“Rather, you need to be mindful of what is appropriate for you. An advisor needs to consider every client’s individual risk profile and personal circumstances – including cash flow – and then advise them appropriately.”

One particular red flag to take note of is ‘act now’ advice. A sense of urgency to complete the recommended transaction doesn’t indicate an advisor has your best interests at heart, Kingsley says. “If the deal is good it will stack up in the long term anyway. You don’t want any unnecessary pressure.”

Some other warning signs are the offering of big discounts and/or incentives, smooth talking, undeclared extra costs or charges, and bad responses to rejections.
Basic questions

When vetting any type of professional in the property realm, Lomas recommends asking the following general questions:
  • Do you have any investment properties yourself?
  • How long have you been investing for personally?
  • How long have you been helping others to invest?
  • Do you receive any commission for helping me?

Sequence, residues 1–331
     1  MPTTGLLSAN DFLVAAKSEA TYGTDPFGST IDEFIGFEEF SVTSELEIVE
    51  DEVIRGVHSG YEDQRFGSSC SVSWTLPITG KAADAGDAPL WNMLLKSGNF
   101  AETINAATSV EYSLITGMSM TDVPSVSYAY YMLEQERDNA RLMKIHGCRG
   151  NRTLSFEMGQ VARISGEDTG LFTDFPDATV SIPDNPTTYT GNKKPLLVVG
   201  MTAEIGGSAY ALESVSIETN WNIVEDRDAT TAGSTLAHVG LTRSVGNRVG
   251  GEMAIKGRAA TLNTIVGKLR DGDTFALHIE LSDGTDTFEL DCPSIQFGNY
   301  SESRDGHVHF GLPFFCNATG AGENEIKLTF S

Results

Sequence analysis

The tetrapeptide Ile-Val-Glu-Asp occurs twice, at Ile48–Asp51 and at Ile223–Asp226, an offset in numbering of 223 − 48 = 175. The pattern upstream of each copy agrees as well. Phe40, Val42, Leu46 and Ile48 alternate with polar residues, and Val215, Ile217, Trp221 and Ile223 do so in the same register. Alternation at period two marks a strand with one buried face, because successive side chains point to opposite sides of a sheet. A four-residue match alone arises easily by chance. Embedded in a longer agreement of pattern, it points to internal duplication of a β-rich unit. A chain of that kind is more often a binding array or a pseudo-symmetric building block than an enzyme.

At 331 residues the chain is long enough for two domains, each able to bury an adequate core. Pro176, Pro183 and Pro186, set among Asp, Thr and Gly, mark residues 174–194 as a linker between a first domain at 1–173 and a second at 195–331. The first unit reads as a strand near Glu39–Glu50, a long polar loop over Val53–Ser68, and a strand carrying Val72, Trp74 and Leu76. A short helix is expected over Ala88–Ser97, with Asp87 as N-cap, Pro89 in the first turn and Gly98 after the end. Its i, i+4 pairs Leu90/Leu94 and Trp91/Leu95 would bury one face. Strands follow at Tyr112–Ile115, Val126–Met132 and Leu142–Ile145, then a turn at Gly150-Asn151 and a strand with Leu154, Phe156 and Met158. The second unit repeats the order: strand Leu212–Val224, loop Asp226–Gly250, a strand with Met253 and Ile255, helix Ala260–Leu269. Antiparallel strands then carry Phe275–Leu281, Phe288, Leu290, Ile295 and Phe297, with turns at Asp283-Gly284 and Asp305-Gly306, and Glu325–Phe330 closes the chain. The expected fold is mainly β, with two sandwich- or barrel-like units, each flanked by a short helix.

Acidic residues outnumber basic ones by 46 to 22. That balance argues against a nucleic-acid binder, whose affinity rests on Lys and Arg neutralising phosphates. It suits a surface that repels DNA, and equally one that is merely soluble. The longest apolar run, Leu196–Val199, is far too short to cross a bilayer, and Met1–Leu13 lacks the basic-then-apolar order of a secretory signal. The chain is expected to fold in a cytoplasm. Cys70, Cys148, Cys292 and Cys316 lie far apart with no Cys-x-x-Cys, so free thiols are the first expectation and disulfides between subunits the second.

• Can you provide me with some referrals so I can talk to some of your happy clients?
  • Are you a member of a recognised industry association, such as Property Investment Professionals of Australia?
Lomas emphasises that the best way to check a professional’s credentials is to ask for the names and contact details of some of their happy clients. Also, if possible, referrals from people you know and trust are a good way to verify whether or not a professional is reputable.

Advisor profiling

On top of the basic questions to ask (see box, p47), Kingsley suggests thinking about the following issues when considering any potential property advisor or coach:
  • Do they have a formal qualification?
  • How extensive has their own property investment experience been?
  • Are they willing to discuss their own successes and failures?
  • What is the motivation for their advice?